Giannoulias met with David Axelrod at the White House on Tuesday. At the same time, Republicans were sending out dispatches with a reminder of President Obama's recent denunciation of "fat cats who are getting rewarded for their failure . . . bankers don't need another vote in the U.S. Senate."

Expect heat on Alexi to exit the kitchen.
First, about that White House pow-wow, the speculation in the media is that the administration will support Giannoulias, but not go out of its way (see here, here and here). This is Obama press secretary Robert Gibbs' formal (a wee bit too formal?) statement on that matter:

Alexi Giannoulias is the Democratic nominee for the United States Senate and has the support and the backing of the White House.
Second, instead of trying to read the tea leaves from press secretaries who are paid to be vague, why not just look at the polling? From TPM Poll Tracker:



FoxChicago reported this morning on a new Rasmussen poll, not yet released on Rasmussen's site, showing Giannoulias +3 (44-41). And as First Read reported, the Giannoulias campaign is pushing back at the idea of withdrawing:

The Giannoulias camp pushes back, noting that at least two polls show him leading Republican Mark Kirk, and that the campaign just signed up a major Obama fundraiser.
For the interested, that fundraiser is Jordan Kaplan, who worked on both Obama's 2004 Senate and 2008 presidential campaigns. Yet Fox's Scott Brown notes that this is a return engagement for Kaplan, who previously worked for Giannoulias back in the exploratory committee days early on. I guess the point is that it's not like the Obama White House "gave" Kaplan to Giannoulias.

Still, the polls are what they are, and they don't (yet) show much reason for Giannoulias to withdraw. Yes, they're closer than Team Giannoulias would like right now when it looks like it's going to be a GOP year. But it's not as if Giannoulias is foundering at the moment.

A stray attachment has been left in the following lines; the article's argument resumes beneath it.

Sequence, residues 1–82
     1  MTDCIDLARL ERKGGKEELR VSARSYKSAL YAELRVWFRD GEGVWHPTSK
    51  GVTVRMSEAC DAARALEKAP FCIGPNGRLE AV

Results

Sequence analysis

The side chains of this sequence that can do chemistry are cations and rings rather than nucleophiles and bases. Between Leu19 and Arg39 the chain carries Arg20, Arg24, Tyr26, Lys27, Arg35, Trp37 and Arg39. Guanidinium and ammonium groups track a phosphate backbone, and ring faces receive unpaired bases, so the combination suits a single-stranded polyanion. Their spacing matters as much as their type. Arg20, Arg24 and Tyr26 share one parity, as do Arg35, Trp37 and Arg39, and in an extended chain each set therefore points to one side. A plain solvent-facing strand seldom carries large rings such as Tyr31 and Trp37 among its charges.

Getting back to Marin's prediction, much depends on the political fallout from Broadway Bank's imminent collapse. If the heat intensifies, then Giannoulias might have to admit that he's carrying a bit too much baggage in a year that portends huge Democratic losses.
 

Rasmussen: Brady +10 (wait ... what?)

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Blake D. Dvorak

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Yup, that's what the latest Rasmussen Report poll shows, strangely enough:

Brady: 47
Quinn: 37
Undecided: 9

More from the poll:

The new survey finds Brady leading by 17 points among women but just three points among men. Voters not affiliated with either party favor Brady 59% to 18%.
Brady is viewed very favorably by 17% of Illinois voters, while only 11% view the Republican very unfavorably. Nineteen percent (19%) have no opinion of him.
Just 12% in Illinois view their governor very favorably, while 24% view Quinn very unfavorably. Only five percent (5%) have no opinion of Quinn.
Rasmussen suspects that the surge for Brady is likely the result of his recent victory, officially, over Dillard. Still, a DailyKos/Research2000 poll from late last month showed Quinn ahead 15 points (47-32), and because this is Illinois, no one really questioned its veracity.

Taking both both polls together, I'd say this race is much tighter than the Quinn team would prefer at this point, so Brady and Republicans should be excited.